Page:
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Now, You can claim income-tax deductions for fines paid to RTO
April, 11th 2011

Now you can claim income-tax deduction for fines paid to the RTO that are compensatory in nature. In a recent order, Income-tax Appellate Tribunal , (ITAT) has held that fines paid to RTO is an allowable expenditure under the Income-tax Act.

According to the provisions of the Income-tax Act, if a person is penalised for violating a law, the penalty paid for the offence is not allowable as expenditure for the purpose of computing his income under the Income-Tax Act. The rationale behind this principle is that the income-tax law should not be seen supporting or encouraging people to violate the laws of the land.

However, in the past, the courts have drawn a distinction between fines that are compensatory in nature and those that are penal in nature. They have also held that the former can be allowed as deduction but not the latter. The ITAT, in a recent order, underlined this difference further in a case involving Bharat C Gandhi, proprietor of Darshan Roadlines.

The taxpayer was transporting consignment in excess of the permitted dimension as well as the weight limits. Since the firm carried out 230 such trips, it had to pay over 73 lakh to the RTO check posts as compounding fees.

The income-tax officer disallowed the expenditure on the ground that the payment is same as penalty for violation of the Motor Vehicles Act. The aggrieved taxpayer moved the ITAT with the counsel Jignesh R Shah, arguing that the compounding fees paid by a transporter for violation of dimension and weight limits under the Motor Vehicles Act cannot be construed as a penalty.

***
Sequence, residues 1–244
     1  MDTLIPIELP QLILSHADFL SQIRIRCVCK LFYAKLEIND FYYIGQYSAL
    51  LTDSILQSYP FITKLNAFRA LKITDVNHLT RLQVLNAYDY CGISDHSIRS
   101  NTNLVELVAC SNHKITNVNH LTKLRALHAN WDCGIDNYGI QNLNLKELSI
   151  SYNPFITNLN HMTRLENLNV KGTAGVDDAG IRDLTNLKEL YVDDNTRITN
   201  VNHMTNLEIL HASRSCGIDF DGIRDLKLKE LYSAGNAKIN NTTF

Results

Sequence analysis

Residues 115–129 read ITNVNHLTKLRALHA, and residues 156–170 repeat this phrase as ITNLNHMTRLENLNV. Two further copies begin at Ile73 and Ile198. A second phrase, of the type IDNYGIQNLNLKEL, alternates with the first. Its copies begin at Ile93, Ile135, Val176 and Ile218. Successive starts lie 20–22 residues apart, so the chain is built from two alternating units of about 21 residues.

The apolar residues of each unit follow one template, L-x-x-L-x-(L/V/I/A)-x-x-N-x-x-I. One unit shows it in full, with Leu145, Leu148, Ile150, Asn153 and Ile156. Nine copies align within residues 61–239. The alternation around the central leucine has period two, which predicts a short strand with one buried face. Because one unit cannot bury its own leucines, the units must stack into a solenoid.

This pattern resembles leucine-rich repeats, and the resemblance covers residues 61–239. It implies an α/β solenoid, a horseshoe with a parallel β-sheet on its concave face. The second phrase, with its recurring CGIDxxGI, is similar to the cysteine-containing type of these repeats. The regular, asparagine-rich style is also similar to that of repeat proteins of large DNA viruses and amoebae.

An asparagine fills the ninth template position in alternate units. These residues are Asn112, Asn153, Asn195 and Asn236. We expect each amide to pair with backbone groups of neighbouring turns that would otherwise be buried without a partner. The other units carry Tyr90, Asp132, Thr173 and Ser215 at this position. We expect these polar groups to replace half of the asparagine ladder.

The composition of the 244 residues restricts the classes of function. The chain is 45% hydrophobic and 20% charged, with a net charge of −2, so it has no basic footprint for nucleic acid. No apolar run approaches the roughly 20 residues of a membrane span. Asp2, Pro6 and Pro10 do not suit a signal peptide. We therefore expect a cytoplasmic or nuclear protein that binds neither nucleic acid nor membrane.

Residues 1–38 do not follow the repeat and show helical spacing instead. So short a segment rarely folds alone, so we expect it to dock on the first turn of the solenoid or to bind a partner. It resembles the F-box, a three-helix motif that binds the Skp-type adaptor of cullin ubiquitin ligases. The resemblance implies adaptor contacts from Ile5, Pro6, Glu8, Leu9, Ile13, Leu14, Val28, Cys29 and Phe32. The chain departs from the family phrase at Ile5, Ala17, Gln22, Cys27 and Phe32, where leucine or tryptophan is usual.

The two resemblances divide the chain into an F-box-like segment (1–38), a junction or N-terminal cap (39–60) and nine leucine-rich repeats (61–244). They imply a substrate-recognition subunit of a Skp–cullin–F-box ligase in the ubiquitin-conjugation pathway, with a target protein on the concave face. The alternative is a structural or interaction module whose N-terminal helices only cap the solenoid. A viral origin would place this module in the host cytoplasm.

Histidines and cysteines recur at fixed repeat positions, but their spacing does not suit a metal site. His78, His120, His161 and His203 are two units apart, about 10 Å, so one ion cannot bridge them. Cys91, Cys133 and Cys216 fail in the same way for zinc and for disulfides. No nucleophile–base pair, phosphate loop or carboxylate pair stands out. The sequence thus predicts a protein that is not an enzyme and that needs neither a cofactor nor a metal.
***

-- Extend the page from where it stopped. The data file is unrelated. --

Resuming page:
He said that expenses are incurred out of commercial expediency. The cargo was indivisible and there was no other alternative except by exceeding the limits under the Motor Vehicles Act. The RTO always knew that the taxpayer was carrying cargo exceeding the limits and therefore levied a fee. According to Shah, the fee paid is not in violation of law but an option given to the taxpayer to transport the goods by paying overloading charges.

Therefore, Shah argued, such fees should be allowed as expenditure. Accepting this argument, the ITAT held that the compounding fees paid were not in the nature of penalty, but were allowable as expenditure incurred out of commercial expediency.

 
 
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